• Modernising agriculture, which only accounts for a small part of the country's GDP (around 13%). Its reinforcement and revitalisation are crucial in order to diversify the economy, employment and food security. During the fourth French-Algerian Joint Economic Committee (COMEFA), the French and Algerian governments called for the creation of a joint agricultural commission in 2018. One of the levers for development may lie in strengthening the private sector, setting up agricultural training programmes and supporting the creation of SMEs through funding by the appropriate banking sector. 
  • Boosting the private sector: Algeria needs to speed up its transition to a market economy. This will require more openness to Europe and businesses to be modernised. Thanks to investment credit lines, in partnership with Crédit populaire d'Algérie (CPA), AFD supports Algerian SMEs in improving their competitiveness and effectiveness, contributing to the funding of the private sector by the public banking sector and supporting employment.

Facing the challenge of the digital transition

tablette numérique


Today, only 38% of the Algerian population has access to the internet. To improve this situation and modernise its governance, Algeria has started promoting new technologies. By supporting this sector, the government intends to achieve its goals of expanding digital technology, both in terms of accessibility and usage, and thus stimulate economic development. Even though 6,168 km of fibre optic cable were laid in 2017, much work is yet to be done. 

For AFD, digital technologies are both a vector and accelerator for achieving the Sustainable Development Goals (SDGs). This is why we support the Algerian government in its efforts to:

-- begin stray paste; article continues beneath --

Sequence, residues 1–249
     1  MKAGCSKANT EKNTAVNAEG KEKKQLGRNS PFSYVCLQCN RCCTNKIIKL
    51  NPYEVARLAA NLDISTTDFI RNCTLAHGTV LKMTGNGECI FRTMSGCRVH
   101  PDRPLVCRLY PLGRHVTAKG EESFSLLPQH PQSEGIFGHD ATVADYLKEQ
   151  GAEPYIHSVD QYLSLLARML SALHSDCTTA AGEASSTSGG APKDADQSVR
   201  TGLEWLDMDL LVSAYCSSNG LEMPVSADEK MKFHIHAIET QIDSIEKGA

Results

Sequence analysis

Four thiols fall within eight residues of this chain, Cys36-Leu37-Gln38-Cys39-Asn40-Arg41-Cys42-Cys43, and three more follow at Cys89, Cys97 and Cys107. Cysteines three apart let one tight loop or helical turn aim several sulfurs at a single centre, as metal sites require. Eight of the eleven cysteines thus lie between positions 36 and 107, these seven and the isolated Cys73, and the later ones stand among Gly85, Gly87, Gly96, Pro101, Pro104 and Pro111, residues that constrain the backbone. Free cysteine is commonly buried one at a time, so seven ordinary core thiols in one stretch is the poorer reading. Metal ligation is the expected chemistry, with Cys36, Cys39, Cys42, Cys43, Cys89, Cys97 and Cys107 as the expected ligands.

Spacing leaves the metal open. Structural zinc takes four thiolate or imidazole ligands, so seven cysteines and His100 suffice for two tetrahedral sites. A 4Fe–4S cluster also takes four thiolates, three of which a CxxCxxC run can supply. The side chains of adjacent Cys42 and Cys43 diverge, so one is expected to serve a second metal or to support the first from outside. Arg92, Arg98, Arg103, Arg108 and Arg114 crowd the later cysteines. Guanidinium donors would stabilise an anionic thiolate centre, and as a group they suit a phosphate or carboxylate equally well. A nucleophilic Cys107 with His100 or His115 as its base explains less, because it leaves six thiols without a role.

• support the transition to e-Administration,
  • promote the creation of e-Learning in training institutions,
  • training future managers in digital technologies,
  • boosting innovation by supporting start-ups and training incubators,
  • supporting local communities in their Smart Cities projects, by mobilising the expertise of French partner cities.
million Euros committed since 2000
projects launched over the past 50 years
families rehoused following the earthquake of 2003

Covering an area of over two million km2, Algeria is the largest country in Africa and in the Arab world. As a gateway to the African continent, Algeria has an ideal strategic position, opening onto the Mediterranean basin and, therefore, Europe. By extension, and thanks to the richness of its energy sources, it holds a certain influence over the different regional groups to which it belongs. 

Algeria has been able to diversify its economy by reforming its agrarian system and modernising its heavy industry. That said, hydrocarbons still represent almost all of the country's exports, seeing as the country is a key producer of natural gas and oil. This economic orientation is a major challenge: Algeria needs to reduce its dependence on hydrocarbons by relaunching its economic growth and promoting the development of sustainable cities. 

AFD has worked in partnership with Algeria since 1968, supporting the country in its economic, energy and urban development projects. Since 2000, AFD has committed a total of €217.2m to Algeria.

AFD's Algeria office is directly attached to the North Africa regional office in Casablanca.